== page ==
Early in February the manager, without notice to the union, called a meeting of the employees and announced wage increases to 23 of them, plus a change of work week from six to five days for 13 of the employees — a change generally favored by all workers at the store. These benefits, together with a number of promotions, became effective February 23. In his testimony before the examiner the manager conceded that he had never before granted so many wage increases simultaneously, nor could he recall any prior occasion when increases were granted on a group basis. Not without warrant under the circumstances, the Board thought that these raises, promotions, and desired changes in the work week were deliberately calculated to dampen the ardor of the employees for union affiliation. Cf. NLRB v. Bailey Co., 6 Cir., 180 F.2d 278.
In March an employee named Putney who was wearing a union button while at work was asked by the assistant manager whether she was the only girl in the store who belonged to the union. Putney removed the button. In April employee Nix was asked by the same supervisor why she was still wearing her union button. Nix thereafter wore the button on the "underneath side" of her sweater. It is argued that these questions were put in a jocular vein and therefore had no tendency to coerce. However, the action of the two girls would appear to speak more persuasively than the smile of the supervisor.
In February respondent posted a notice in the store for the information of its employees stating that the Company's openshop policy would not be changed; and in late April and again on May 1 the manager showed to numerous employees a letter from respondent's counsel, dated April 27, stating that in order to make assurance doubly sure he had cleared the subject with the Company and that the latter would not agree to a union shop under any circumstances. The letter added that "if we can't do business in San Jose on an open shop basis, we just won't do business in San Jose." The Board was of opinion that the posted notice of February 11 plus the threat of closure contained in the letter written on the eve of the intended election evidenced a fixed determination not to bargain on the subject of union security and constituted coercion of the employees in the exercise of their rights under § 7.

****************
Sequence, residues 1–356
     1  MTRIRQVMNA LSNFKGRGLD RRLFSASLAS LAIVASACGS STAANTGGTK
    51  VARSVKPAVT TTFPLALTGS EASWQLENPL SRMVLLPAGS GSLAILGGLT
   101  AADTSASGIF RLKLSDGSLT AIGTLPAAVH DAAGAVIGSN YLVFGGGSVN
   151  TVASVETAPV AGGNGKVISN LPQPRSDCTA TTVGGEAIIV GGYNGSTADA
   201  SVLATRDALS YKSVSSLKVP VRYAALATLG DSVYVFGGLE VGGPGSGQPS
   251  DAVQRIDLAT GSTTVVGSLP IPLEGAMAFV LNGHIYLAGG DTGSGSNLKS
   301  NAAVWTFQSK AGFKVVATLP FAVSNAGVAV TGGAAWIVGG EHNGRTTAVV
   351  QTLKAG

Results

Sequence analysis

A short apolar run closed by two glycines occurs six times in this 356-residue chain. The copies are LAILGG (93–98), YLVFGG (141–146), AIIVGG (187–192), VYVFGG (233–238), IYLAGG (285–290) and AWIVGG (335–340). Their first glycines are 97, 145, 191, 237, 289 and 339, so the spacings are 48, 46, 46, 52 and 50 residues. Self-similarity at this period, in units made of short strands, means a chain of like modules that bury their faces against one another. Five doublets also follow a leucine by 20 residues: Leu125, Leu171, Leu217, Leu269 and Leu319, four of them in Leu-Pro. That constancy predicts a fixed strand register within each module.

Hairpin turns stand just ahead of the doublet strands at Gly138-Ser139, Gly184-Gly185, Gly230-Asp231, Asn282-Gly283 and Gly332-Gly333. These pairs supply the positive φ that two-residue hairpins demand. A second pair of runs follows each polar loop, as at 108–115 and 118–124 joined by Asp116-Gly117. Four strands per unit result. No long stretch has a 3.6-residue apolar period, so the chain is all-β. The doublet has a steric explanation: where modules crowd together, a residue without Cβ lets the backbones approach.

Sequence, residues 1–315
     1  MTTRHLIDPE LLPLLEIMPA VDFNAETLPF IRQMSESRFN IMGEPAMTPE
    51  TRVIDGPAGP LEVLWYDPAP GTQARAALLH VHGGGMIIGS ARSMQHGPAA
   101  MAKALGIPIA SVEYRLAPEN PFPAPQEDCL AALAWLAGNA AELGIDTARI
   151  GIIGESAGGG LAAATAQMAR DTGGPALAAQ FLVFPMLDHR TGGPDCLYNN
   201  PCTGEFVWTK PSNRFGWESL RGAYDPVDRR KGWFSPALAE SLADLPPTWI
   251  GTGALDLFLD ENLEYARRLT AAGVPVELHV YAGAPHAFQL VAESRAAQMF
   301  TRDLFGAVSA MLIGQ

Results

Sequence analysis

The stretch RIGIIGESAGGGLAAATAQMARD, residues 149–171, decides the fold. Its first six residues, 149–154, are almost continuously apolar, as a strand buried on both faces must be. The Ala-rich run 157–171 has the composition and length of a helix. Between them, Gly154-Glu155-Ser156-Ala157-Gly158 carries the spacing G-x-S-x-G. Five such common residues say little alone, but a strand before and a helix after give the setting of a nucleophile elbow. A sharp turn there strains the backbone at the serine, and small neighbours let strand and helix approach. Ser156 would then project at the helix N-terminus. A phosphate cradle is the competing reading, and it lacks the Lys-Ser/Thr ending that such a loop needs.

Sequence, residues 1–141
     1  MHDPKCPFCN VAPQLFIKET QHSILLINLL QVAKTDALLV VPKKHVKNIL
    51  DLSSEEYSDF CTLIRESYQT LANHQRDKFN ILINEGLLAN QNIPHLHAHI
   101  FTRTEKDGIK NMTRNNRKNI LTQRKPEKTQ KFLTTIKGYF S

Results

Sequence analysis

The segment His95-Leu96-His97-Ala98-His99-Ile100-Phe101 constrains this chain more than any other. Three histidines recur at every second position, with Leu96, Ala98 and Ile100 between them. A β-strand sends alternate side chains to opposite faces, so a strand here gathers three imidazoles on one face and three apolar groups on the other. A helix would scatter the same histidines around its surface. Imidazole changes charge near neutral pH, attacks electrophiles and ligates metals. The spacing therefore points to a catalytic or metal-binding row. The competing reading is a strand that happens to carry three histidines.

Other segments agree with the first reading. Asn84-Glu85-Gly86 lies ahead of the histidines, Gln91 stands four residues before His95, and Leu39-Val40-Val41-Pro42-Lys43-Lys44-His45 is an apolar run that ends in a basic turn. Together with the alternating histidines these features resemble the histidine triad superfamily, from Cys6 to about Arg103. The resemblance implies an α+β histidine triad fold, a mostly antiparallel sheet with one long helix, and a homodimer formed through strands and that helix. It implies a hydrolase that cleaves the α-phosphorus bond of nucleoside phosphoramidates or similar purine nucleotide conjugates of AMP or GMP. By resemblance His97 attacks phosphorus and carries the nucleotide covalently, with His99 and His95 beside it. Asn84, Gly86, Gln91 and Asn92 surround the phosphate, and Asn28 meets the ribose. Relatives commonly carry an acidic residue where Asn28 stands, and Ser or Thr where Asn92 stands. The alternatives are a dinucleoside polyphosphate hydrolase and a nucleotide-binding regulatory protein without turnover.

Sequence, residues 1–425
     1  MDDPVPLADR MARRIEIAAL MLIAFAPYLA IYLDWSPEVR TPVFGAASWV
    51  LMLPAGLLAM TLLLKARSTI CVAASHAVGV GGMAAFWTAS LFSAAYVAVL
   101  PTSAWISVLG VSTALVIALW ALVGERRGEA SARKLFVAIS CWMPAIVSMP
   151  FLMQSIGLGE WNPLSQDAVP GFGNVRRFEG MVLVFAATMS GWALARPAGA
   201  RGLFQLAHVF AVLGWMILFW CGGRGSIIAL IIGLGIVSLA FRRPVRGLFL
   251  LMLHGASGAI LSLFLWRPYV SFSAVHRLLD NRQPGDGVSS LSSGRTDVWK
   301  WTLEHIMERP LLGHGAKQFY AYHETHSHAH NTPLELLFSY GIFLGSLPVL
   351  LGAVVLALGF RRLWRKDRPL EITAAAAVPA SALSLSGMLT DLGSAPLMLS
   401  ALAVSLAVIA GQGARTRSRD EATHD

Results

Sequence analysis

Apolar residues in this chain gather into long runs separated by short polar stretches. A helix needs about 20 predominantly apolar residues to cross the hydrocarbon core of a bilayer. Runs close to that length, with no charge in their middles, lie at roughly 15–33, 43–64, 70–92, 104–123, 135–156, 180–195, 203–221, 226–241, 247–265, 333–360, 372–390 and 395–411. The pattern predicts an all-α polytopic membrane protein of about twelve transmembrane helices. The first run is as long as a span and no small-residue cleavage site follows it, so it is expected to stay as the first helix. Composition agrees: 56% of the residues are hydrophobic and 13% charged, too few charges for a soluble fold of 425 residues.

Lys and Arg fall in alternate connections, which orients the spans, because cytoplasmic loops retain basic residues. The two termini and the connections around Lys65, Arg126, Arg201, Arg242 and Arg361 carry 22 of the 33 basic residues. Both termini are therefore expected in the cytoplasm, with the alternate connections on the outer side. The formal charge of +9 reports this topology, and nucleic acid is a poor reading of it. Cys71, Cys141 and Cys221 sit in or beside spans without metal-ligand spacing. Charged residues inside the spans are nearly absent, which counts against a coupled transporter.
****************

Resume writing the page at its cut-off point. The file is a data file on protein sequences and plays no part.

Section 8(a) (3) of the Act as of the time in question specifically permitted agreements for union security where a majority of the employees by vote authorized the making of such an agreement. And as this court observed in NLRB v. Andrew Jergens Co., 9 Cir., 175 F.2d 130, 133, "Union security is properly a `condition of employment' within the meaning of § 9(a) of the National Labor Relations Act [29 U.S.C.A. § 159(a)] and hence, is within the statutory area of collective bargaining." Here the posted notice and the threat to close did not stand alone; they are found in a milieu of anti-union activity. As the Board remarked, respondent was concurrently engaging in a course of conduct designed to relieve it of the necessity of ever having to yield to the union on any point or even meet it across a bargaining table. Under the circumstances we are not persuaded that the Board was wrong in construing the notice and threat as reflecting an anticipatory refusal to bargain concerning a union shop. Cf. NLRB v. Elkland Leather Co., 3 Cir., 114 F.2d 221, 223, 224.
An appropriate decree will be entered enforcing the Board's order as prayed in its petition.
The San Jose store is one of a chain operated by respondent